A FRANTIC sell-off saw stock markets tumble yesterday while commodities collapsed, as spooked investors retreated from mounting signs of global economic weakness.
The world economy is “in a danger zone”, World Bank chief Robert Zoellick said yesterday, while International Monetary Fund (IMF) boss Christine Lagarde again said that the path to recovery is “narrowing”.
At the G20 summit in Cannes, six world leaders including Prime Minister David Cameron warned: “External risks to the stability of our banks and our economies are reaching pre-crisis levels.” In an open letter to President Sarkozy, the six called for Eurozone countries to “act swiftly to resolve the crisis”.
German, French, Spanish and Italian credit default swaps (CDS) all hit new highs yesterday as market gloom deepened and concern over the ability of Eurozone governments to pay their debts continued to mount.
Their comments followed a bearish statement from the US Federal Reserve on Wednesday night, during which it launched its latest effort to stimulate the economy – “Operation Twist”.
Over two per cent was lost from equities from various corners of the world yesterday, according to the MSCI AC World Index. The Dow Jones closed down 3.51 per cent, the FTSE lost 4.7 per cent and merging markets stocks slid 6.5 per cent
“It’s a combination of no QE3, low economic growth, China’s PMI falling and European PMI data either slightly or widely below expectations,” said analyst Thorbjorn Bak Jensen of A/S Global Risk Management.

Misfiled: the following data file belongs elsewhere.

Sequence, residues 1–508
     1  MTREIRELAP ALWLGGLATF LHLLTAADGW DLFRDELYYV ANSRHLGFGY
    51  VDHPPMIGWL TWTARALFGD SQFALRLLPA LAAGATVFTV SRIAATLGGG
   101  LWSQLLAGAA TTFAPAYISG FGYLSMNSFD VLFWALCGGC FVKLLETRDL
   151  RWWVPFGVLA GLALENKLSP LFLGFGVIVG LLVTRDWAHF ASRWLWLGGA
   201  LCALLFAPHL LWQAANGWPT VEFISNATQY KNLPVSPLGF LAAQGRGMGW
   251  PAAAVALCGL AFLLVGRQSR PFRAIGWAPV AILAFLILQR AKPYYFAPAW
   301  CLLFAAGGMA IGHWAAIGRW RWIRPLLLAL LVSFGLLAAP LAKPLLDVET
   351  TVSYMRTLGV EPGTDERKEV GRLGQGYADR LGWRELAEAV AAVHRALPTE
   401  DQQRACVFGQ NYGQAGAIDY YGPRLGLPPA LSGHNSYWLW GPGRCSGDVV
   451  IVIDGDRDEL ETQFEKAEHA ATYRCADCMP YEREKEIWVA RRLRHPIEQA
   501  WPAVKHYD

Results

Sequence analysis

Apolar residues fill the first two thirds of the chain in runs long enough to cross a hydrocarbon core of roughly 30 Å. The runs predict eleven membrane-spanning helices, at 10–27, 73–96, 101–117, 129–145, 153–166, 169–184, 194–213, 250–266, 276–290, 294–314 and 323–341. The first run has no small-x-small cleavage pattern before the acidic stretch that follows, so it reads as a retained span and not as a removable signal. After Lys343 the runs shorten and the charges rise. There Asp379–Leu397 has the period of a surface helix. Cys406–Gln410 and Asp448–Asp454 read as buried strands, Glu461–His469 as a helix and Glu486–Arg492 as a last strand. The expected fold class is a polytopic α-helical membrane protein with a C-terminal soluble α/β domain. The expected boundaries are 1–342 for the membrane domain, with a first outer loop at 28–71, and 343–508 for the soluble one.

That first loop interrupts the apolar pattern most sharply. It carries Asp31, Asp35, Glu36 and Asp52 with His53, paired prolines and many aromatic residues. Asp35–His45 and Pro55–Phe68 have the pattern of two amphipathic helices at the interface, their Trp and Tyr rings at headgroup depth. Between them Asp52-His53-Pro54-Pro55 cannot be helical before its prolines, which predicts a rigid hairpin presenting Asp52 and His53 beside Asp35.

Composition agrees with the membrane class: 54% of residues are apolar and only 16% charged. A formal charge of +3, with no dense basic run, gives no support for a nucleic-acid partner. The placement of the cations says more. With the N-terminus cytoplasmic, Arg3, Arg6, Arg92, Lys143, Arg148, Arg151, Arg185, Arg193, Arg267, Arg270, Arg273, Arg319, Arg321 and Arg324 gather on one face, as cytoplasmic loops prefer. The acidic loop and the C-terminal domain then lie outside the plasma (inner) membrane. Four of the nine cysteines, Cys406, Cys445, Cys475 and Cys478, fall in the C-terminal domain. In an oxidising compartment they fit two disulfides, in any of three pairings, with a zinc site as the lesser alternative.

The gloomy outlook for the world economy weighed on commodities, with investors concerned that a stuttering recovery will hammer demand for energy and metals.
China’s factory sector shrank for a third consecutive month in September, on sagging demand.
WTI crude oil sank around 5.5 per cent yesterday, while copper – often seen as a bellwether of industrial activity and the wider economy – fell off a cliff, losing 7.5 per cent in London trading.
Even gold and silver, often seen as safe havens at times when equities take a bath, crumbled under the pressure of a rising dollar, although gold later recovered some losses.
The dollar index rose to seven-month highs after the Fed’s Operation Twist. The twist heightened the appeal of shorter-dated US debt and gave the greenback’s yield-appeal an edge over that of other currencies, which in turn hit gold.
With few places to run, some investors turned to supposedly safe-haven bonds. Yields on 30-year Treasuries fell by seven per cent, touching as low as 2.76 per cent as prices rose.